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Should Bow Hunters Paper Tune Their Arrows?

Heath Wood


archery practice

It is hard to believe that it has been over 30 years since the day I began shooting a compound bow. When I was eight, my parents brought me to a local archery dealer and purchased my first bow, a Bear Archery Whitetail II. 

As I look back on the techniques I used when shooting, the way I practiced, and the availability of proper shooting equipment, it is no wonder an arrow fishtailing during midflight was a high possibility. Of course, when I first began shooting, I used my bare fingers or a leather shooting tab instead of a release. When I let go of the string, it would often roll across my fingers, which caused a fishtailing action when my arrow flew.

Thirty-two years later, I continue to shoot a Bear Archery bow, the Redemption EKO, which has several new designs and modern technology compared to when I began many years ago. Even though shooting a high-quality bow with modern technology equipment to accessorize it, the need to properly set up the equipment is still essential when improving overall shooting skills. One technique to improve shooting is by paper tuning the arrows. Yet, the question is often asked, if I am only a bowhunter, do I need to paper tune my arrows?

Last year, while bow hunting near my home in southern Missouri, I sought advice on improving my shooting. After harvesting a mature buck during the first week of October, where I made a perfect double lung shot at 25 yards, my confidence level as a bowhunter was higher than usual. A week or two after harvesting that buck, I returned to my stand, hoping to harvest a mature doe. After a short hour of sitting, a doe had made her way to 30 yards and was walking perfectly broadside in the wide-open field. After coming to a full draw, I settled in and made the shot. However, my first arrow fishtailed slightly to the left and flew four to six inches over the does back. “What happened?” I whispered to myself. I quickly re-nocked an arrow and drew again. This time the doe had slightly angled up the hill yet was still at 28 to 30 yards. The second arrow again had a slight whipping action, yet I hit my aiming point this time, resulting in my year's second harvest.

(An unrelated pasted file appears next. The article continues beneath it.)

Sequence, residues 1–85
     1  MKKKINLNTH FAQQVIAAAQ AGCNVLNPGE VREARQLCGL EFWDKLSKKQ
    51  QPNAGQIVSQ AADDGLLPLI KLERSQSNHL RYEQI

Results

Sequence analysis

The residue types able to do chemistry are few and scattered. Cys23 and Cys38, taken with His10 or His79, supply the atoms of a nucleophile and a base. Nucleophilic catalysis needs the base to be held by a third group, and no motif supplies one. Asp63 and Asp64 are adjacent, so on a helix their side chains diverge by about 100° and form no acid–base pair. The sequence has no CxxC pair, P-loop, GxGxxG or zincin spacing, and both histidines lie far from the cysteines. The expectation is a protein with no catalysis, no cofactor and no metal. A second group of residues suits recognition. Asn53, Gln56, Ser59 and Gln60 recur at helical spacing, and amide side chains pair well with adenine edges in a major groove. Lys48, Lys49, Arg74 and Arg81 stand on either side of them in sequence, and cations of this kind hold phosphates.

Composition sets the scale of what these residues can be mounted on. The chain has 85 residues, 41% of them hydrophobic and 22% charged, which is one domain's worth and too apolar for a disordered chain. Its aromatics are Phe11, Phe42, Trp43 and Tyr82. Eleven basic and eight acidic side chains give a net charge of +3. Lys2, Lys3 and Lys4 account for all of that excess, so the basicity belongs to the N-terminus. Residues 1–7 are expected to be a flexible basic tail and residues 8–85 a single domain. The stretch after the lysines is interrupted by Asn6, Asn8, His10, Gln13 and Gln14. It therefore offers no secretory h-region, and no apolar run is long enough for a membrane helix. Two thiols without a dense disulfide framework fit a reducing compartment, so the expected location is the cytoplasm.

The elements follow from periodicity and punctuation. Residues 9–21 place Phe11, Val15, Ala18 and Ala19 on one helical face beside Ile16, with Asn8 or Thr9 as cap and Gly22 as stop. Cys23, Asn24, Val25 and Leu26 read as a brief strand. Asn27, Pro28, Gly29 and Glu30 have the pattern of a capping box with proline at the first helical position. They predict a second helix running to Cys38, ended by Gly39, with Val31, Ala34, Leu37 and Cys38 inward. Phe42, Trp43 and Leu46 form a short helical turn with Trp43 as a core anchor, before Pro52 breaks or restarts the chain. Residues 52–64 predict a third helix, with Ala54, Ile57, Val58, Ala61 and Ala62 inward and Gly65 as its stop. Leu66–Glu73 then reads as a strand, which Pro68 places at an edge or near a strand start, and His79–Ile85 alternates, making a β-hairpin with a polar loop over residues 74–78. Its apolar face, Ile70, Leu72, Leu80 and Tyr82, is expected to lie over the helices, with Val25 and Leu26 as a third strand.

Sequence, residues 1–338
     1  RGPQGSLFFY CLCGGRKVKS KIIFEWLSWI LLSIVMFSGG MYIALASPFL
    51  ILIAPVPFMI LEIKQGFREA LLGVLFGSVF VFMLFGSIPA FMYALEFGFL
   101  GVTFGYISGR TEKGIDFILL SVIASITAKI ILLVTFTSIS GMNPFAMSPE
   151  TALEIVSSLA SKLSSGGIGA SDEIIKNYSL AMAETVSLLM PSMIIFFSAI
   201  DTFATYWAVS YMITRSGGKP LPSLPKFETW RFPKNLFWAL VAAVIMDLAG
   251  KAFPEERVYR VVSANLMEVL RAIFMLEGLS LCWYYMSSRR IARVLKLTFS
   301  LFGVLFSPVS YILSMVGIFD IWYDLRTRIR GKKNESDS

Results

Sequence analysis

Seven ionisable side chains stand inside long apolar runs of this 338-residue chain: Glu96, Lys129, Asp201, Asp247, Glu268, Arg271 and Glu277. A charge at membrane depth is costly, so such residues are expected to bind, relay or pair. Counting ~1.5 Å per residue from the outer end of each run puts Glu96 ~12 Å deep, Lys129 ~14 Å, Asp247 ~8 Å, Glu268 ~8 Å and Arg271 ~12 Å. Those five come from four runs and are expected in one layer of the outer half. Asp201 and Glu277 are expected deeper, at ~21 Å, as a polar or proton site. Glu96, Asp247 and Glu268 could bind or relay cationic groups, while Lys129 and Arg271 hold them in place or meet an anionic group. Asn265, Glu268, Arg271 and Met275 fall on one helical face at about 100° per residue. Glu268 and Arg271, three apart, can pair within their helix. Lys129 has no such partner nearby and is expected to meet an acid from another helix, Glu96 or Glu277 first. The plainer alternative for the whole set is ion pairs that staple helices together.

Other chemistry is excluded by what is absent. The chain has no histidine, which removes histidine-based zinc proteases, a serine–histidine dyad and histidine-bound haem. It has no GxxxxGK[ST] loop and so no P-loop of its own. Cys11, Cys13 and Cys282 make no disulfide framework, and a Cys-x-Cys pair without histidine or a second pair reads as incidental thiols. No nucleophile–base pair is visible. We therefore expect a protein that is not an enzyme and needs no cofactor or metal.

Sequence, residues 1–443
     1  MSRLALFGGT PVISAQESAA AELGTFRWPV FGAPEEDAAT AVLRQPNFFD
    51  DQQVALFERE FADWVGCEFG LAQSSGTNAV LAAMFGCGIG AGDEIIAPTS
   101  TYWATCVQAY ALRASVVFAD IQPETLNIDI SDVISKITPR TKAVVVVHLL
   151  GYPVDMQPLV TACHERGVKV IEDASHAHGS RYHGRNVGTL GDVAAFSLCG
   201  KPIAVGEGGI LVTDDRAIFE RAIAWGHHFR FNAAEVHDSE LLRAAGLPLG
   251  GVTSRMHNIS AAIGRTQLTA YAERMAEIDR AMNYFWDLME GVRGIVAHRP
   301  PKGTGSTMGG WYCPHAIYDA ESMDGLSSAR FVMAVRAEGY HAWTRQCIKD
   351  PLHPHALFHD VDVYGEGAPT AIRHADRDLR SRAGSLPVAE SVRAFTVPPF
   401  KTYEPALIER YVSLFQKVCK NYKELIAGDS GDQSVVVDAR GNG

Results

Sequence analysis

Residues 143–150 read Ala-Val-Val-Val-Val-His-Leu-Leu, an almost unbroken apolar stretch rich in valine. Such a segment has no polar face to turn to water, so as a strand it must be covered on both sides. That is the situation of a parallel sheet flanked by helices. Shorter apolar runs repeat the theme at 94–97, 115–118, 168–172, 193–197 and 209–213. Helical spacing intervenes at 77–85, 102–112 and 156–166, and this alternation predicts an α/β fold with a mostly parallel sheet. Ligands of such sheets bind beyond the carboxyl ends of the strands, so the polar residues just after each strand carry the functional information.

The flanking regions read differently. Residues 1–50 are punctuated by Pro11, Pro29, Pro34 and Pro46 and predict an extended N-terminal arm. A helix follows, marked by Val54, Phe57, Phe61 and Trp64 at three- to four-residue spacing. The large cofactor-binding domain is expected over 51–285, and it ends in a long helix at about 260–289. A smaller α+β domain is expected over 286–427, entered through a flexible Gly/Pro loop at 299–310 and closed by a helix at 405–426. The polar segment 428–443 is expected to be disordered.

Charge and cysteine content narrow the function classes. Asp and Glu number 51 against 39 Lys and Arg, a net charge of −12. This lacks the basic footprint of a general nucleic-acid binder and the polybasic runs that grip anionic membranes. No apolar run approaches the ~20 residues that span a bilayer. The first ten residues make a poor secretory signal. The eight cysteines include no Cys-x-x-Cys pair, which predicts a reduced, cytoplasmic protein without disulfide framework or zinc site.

After harvesting the doe, I was thrilled with another successful hunt. However, I knew something wasn’t right with my shooting ability once I returned home and shot a few times. Upon asking a few people for advice, a friend suggested paper tuning my arrows.

When paper tuning your bow, often referred to as paper tuning arrows, the shooter shoots through a piece of tightly stretched paper to determine proper arrow flight. The rip in the paper shows the problem, allowing the shooter to adjust until the rip in the paper signifies perfect arrow flight each time an arrow is shot.

paper tuning bow


After having problems with my arrow flight while hunting, I set up a quick backyard paper tuner. I took half-inch PVC and made a square stand that would set up on a tabletop. On the top part of the stand sits a roll of thin paper. Before shooting the bow, the paper is pulled down and taped to the top of the table. Once the paper is secured to the table, I set my SEVR 21” HD Archery Target approximately three feet behind the paper. When I am ready to shoot, I stand eight feet in front of the paper and proceed to shoot through the center to see what type of flight pattern I have. 

Before making any adjustments to the rest, it is vital to have the bow set up correctly. I suggest taking the bow to a local archery dealer and letting them observe it and ensure it has the proper draw length; the rest is level, appropriately attached, and is not interfering with the fletching on the arrows when shooting.

paper tuning arrow setup


If the bow has been properly set up, you can proceed with paper tuning the arrows. When shooting into the paper, or every time you shoot for that matter, it is vital to shoot with a torque-free grip and good form. 

After shooting once into the paper, look for a tear with three defined lines where the fletching went through the paper correctly. If the tear is tailing low, the nocking point must be raised or the rest lowered. Lower the nocking point or raise the rest if the tailing is high. Similar adjustments must be made if the tail of the rip is left or right. If tailing right, move the rest to the left. If tailing left, do the opposite and move the rest to the right. Always chase the point when moving the rest. Keep adjusting until three defined lines have been achieved.

When a bow is tuned correctly, the arrows should fly true each time. Paper tuning eliminates unwanted movements from the arrow going up and down and fishtailing from left to right, as with my arrow when I harvested my doe last fall. When a hunter has paper-tuned arrows, they will have perfect arrow flight, improved accuracy, and, most importantly, for the bowhunter, better arrow penetration. Improved accuracy and better arrow penetration allow the hunter to make better shots when hunting. When better shots are made, hunters have easy-to-follow blood trails, higher recovery rates, and fewer wounded deer, which is a top priority for hunters. 

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